The CEO at Teva Pharmaceutical Industries, the biggest generic drugs maker in the world, stepped down following a number of strategic missteps and operational and legal setbacks that have sent shares of the company plunging downward.
Teva is the largest company in Israel and it announced Monday that CEO Erez Vigodman would step down effective immediately and his replacement would be Yitzhak Peterburg, on an interim basis.
A number of costly and questionable acquisitions, as well as delayed launches of new drugs, has prompted many to call for an overhaul of management to lead to structural changes that include a possible spinoff of its businesses of branded drugs to restore the confidence of investors.
Shares of Teva reached $72 during July of 2015, but fell last week to a low of 10 years at $32.20, after a court in the U.S. found invalid patents on the most important branded product of Teva, Copaxone its treatment for multiple sclerosis.
That medication alone represented close to 20% of last year’s revenue at Teva.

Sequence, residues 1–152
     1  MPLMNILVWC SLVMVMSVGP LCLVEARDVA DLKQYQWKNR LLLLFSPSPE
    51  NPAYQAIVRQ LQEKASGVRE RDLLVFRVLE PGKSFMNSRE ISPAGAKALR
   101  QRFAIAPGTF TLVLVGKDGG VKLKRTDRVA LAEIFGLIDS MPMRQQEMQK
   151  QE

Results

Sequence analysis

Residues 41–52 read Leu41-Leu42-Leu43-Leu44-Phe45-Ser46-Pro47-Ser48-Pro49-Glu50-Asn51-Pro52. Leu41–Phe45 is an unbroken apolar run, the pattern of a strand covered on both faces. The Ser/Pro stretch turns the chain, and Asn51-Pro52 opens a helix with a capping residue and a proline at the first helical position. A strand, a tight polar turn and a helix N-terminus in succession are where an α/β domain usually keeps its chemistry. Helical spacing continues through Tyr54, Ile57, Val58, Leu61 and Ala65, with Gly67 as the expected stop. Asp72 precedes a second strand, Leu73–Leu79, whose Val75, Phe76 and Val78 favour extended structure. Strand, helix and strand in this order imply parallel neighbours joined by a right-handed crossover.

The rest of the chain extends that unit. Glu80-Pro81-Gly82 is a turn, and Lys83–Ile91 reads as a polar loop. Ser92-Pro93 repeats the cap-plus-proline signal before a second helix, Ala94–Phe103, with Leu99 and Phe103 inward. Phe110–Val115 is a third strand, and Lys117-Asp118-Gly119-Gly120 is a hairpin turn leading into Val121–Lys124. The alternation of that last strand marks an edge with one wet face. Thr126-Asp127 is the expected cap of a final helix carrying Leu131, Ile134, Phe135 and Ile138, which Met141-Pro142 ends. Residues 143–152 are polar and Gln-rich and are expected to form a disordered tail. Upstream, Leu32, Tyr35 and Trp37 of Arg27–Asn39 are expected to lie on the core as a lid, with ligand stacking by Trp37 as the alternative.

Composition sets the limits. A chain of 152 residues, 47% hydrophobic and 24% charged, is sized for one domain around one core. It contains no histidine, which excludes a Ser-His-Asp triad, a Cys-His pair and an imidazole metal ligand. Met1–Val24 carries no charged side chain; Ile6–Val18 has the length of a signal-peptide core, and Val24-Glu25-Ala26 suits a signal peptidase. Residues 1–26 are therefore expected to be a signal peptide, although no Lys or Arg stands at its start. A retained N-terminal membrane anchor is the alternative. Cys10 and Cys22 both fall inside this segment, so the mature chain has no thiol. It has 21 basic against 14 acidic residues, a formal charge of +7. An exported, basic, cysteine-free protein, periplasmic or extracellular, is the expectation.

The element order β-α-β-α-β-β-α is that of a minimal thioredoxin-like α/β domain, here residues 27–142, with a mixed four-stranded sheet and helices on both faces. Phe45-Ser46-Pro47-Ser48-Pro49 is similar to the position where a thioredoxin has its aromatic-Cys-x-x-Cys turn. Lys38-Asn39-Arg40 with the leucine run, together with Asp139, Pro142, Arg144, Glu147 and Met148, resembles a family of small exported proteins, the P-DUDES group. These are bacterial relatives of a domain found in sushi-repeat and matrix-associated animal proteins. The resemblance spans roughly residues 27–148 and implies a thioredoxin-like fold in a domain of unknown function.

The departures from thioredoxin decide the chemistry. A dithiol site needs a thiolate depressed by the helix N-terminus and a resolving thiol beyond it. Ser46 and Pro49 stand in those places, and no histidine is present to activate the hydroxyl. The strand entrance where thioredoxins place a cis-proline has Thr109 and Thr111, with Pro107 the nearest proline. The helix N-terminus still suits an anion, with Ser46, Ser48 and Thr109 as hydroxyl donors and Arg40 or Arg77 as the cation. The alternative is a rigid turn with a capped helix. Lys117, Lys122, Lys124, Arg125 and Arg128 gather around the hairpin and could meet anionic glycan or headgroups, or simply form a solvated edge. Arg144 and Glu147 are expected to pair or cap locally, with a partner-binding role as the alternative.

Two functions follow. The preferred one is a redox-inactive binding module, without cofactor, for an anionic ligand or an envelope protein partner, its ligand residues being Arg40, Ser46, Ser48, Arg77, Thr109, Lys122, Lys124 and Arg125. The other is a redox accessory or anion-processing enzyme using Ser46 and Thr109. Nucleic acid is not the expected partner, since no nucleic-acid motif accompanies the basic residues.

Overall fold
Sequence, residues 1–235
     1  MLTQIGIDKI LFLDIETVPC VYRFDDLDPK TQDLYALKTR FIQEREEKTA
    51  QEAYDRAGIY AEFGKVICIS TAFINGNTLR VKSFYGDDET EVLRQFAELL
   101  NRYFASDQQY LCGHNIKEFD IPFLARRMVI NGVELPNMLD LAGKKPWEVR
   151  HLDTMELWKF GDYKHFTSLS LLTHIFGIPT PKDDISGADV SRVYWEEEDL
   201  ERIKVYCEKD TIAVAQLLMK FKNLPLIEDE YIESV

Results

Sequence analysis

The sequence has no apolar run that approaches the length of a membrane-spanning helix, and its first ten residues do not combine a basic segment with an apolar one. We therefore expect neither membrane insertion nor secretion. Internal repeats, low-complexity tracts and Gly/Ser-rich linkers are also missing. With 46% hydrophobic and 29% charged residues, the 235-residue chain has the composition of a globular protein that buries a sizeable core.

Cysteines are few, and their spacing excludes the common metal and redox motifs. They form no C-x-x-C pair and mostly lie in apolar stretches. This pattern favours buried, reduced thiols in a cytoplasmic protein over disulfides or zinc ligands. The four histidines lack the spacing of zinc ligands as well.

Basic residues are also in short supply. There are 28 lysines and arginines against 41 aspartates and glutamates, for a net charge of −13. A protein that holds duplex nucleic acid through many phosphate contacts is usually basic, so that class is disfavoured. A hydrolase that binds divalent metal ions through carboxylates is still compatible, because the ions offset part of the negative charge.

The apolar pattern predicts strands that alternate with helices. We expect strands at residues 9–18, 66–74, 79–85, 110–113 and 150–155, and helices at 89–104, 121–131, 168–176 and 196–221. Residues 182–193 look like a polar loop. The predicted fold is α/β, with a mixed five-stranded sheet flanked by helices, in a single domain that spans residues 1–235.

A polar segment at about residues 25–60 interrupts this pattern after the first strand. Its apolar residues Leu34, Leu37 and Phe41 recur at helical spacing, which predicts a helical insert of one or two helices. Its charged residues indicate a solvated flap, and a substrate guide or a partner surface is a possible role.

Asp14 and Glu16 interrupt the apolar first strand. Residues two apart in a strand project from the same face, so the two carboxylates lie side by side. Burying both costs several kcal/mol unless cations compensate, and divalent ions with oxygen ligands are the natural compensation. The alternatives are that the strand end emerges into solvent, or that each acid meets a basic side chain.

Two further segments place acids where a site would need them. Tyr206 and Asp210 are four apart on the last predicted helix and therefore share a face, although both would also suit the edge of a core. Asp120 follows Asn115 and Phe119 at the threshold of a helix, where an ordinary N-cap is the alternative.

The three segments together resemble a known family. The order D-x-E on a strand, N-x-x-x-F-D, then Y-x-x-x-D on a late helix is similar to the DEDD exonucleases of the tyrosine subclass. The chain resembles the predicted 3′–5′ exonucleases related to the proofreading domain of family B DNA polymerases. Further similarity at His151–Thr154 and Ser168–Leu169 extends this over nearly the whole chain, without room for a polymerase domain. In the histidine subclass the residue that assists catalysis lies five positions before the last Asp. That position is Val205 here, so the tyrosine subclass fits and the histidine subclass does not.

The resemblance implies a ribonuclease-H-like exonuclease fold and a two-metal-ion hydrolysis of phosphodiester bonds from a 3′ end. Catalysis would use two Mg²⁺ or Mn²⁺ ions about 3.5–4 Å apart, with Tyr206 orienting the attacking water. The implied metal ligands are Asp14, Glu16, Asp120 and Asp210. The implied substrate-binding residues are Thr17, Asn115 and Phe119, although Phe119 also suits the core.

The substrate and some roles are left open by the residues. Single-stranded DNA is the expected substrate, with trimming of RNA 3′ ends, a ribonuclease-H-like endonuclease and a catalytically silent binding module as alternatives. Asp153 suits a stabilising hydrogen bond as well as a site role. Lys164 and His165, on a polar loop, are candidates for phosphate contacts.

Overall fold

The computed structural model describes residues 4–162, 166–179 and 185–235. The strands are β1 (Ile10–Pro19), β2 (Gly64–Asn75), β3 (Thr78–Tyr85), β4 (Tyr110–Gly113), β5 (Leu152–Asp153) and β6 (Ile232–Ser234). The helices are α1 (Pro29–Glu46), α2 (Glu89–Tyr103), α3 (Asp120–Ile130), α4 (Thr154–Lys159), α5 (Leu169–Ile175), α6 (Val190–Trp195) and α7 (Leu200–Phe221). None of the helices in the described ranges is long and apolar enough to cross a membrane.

Shares were down over 2% during extended trading following the departure of Vigodman, which comes following the resignation of Siggi Olafsson its generics drugs chief.
Vigodman started with Teva during 2014 after he helped rejuvenate a sluggish agrochemical company in Israel that earned him the reputation of being a specialist in turnarounds and a dealmaker.
However, the stumbles that occurred during his watch have had investors screaming for a big shakeup at the pharmaceutical giant.
Vigodman started a costly spree of acquisitions that culminated with the purchase last year of Actavis’ generic drugs division for a price of $40.5 billion that many investors said had been too high.
A deal of $2.3 billion for Rimsa a drug maker in Mexico led to both companies suing one another. Teva paid $144 million as well to acquire Zecuity a migraine patch, but was required to pull that product during 2016 after patients reported they had been burned or scarred.
In December of last year, Teva agreed to a settlement of over $519 million to end civil and criminal allegations the company had bribed officials overseas to gain new business for its medications.
In January, Teva provided a revenue and profit outlook for 2017 that was below estimates on Wall Street.
Peterburg announced that he would conduct a review of the business while a search is carried out for a new permanent CEO.